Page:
Joe Biden held a national memorial observance from the base of the Lincoln Memorial, as the United States ticked over 400,000 deaths from the coronavirus.
President-elect Joe Biden has led a national memorial observance on the eve of his inauguration to honour the 400,000 Americans who have died from COVID-19 during the 11 months since the novel coronavirus claimed its first US victim.
The sundown commemoration came just hours before President Donald Trump was due to leave the White House and hand over a country in crisis.
The ceremony, spearheaded by Biden and Vice President-elect Kamala Harris from the base of the Lincoln Memorial, marked the federal government's first official nod to the staggering death toll from the pandemic.
"We must remember. It's hard sometimes to remember, but that's how we heal. It's important to do that as a nation," Mr Biden said in brief remarks to kick off a tribute that was to include observances in cities across the country.
As darkness fell over the nation's capital, 400 electric lamps lining the sides of the Reflecting Pool were illuminated to honour the 400,000 lives lost, followed by gospel singer Yolanda Adams' performance of the song Hallelujah, then a moment of silence in memory of the dead.
"Though we may be physically separated, we the American people are united in spirit," Ms Harris said separately.
About seven kilometres from where Mr Biden appeared, the bells of the National Cathedral were tolled 400 times after he spoke.
The United States surpassed 24 million COVID-19 infections and 400,000 lives lost from the virus, according to a Reuters tally.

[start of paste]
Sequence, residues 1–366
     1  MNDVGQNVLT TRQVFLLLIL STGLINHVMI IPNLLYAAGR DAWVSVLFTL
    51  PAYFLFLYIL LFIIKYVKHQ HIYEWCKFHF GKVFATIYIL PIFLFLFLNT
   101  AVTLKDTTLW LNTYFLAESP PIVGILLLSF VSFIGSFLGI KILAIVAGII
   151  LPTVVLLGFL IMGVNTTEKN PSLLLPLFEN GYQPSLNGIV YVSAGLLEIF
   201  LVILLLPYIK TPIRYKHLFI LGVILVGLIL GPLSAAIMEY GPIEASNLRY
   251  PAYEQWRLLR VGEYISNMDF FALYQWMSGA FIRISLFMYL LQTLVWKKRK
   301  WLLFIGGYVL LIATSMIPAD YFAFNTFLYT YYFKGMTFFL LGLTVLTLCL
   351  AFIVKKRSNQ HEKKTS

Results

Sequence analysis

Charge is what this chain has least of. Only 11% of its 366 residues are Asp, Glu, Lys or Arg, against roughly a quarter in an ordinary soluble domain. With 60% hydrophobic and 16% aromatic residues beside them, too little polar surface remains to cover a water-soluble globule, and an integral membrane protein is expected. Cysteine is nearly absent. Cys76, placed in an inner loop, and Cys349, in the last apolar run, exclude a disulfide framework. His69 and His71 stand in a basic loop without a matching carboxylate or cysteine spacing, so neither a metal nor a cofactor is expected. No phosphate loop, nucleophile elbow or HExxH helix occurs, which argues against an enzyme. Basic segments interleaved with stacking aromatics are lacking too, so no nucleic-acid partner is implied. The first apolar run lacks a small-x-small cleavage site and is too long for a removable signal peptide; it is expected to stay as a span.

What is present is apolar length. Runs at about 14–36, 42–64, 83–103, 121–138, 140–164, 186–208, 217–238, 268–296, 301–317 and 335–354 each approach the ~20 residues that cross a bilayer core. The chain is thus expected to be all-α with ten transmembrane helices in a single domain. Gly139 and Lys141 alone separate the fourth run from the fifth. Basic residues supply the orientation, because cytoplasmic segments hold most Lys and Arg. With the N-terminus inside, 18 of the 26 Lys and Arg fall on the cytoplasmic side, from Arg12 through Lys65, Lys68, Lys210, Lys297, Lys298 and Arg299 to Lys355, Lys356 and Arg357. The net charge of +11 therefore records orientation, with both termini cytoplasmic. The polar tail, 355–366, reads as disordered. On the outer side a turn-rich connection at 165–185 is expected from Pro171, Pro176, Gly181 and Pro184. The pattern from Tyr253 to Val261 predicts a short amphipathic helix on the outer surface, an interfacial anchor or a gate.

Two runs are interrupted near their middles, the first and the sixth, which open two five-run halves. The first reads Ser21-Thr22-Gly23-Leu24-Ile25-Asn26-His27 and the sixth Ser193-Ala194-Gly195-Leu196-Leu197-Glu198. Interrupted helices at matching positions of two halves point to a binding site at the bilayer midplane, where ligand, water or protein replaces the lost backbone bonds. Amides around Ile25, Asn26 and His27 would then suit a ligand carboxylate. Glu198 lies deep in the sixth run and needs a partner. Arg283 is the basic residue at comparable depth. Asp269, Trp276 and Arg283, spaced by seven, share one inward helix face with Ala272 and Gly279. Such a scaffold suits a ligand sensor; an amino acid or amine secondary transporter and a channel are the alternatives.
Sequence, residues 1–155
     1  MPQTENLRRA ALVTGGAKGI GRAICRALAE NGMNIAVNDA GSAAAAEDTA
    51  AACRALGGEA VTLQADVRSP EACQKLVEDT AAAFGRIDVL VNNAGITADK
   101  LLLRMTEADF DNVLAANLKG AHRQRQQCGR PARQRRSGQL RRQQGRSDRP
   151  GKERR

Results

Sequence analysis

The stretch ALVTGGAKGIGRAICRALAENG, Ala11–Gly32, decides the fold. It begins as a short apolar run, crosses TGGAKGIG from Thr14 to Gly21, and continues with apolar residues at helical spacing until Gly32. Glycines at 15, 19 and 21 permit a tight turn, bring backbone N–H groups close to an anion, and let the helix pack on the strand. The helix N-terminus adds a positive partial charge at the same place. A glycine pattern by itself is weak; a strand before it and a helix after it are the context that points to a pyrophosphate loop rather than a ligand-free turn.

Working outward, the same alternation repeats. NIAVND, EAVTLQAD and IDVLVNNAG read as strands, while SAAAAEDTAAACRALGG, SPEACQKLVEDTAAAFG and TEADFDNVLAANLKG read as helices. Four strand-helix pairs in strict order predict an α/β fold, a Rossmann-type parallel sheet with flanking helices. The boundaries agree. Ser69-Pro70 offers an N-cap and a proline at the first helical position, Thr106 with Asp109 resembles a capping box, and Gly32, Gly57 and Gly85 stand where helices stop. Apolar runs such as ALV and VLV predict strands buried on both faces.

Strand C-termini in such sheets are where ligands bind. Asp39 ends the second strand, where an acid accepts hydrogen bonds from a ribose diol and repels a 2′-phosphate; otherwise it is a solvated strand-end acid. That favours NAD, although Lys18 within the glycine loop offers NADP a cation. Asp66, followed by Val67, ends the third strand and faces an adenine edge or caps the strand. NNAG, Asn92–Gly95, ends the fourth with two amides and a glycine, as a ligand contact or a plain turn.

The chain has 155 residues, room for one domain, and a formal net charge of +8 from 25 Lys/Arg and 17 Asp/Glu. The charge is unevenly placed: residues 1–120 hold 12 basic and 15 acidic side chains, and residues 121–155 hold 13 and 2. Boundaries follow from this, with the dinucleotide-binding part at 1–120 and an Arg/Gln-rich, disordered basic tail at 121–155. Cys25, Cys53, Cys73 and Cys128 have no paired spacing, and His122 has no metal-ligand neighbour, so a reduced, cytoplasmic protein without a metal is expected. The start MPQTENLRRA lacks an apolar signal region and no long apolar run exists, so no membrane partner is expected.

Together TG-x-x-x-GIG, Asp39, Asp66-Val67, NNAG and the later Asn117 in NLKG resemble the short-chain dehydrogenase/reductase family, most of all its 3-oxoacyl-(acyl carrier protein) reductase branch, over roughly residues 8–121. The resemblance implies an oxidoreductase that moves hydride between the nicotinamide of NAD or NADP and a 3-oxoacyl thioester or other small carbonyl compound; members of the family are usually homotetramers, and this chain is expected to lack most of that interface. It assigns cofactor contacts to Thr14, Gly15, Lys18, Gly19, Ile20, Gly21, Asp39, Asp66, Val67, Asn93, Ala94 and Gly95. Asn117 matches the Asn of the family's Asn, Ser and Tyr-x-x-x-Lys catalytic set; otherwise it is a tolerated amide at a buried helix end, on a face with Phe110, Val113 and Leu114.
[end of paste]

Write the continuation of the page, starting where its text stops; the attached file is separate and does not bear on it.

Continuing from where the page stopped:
The country has recorded more than 200,000 new cases and 3,220 deaths on average over the past seven days.
The observance marked the beginning of a new era in the country's battle against COVID-19 under Mr Biden, who has pledged to make coronavirus relief a top priority when he takes office on Wednesday under unprecedented security measures in the nation's capital.
Mr Biden will inherit a grieving and sickened nation from Mr Trump, who critics say was to blame for a disjointed and ineffectual response to the pandemic, resulting in the US suffering the highest COVID-19 national death toll in the world.
Mr Biden will also face the daunting task of overseeing the nation's COVID-19 vaccine distribution and administration.
The US is trailing in its vaccination goal, with only 12.3 million shots administered out of more than 31 million distributed as of 15 January.
'It all comes from Delaware'
Before the memorial, Mr Biden gave an emotional speech where he fought back tears as he commemorated his deceased son and gave thanks to his home state of Delaware.
"I only have one regret, that he's not here," Mr Biden said, referring to his son Beau, a former attorney-general who died of brain cancer in 2015.
"Because we should be introducing him as president."
This speech marked the final event for Mr Biden before he is sworn in as the 46th President of the United States.
Addressing a small, socially distanced crowd at a National Guard centre named in the honour of his late son, the 76-year-old teared up twice.
"It's kind of emotional for me," he told the crowd, while calling himself a "son of Delaware".
"You've been with me my whole career, through the good times and the bad.
"In our family the values we share, the character we strive for and the way we view the world it all comes from home, it all comes from Delaware."
Mr Biden had planned on travelling to Washington DC by train, as he had for years as a senator, and with President Barack Obama before their inauguration in 2009.
"Twelve years ago, I was waiting at the station station in Wilmington for a Black man to pick me up on our way to Washington, where we were sworn in as president and vice president of the United States of America," Mr Biden said.
"And here we are today, my family and I, about to return again to Washington, to meet a Black woman of South Asian descent, to be sworn in as president and vice president of the United States.
"That's America. That's Delaware."
Known for quoting Irish poets, President-elect looked to James Joyce's musings of Dublin for inspiration.
"When I die, Delaware will be written on my heart," he told the crowd.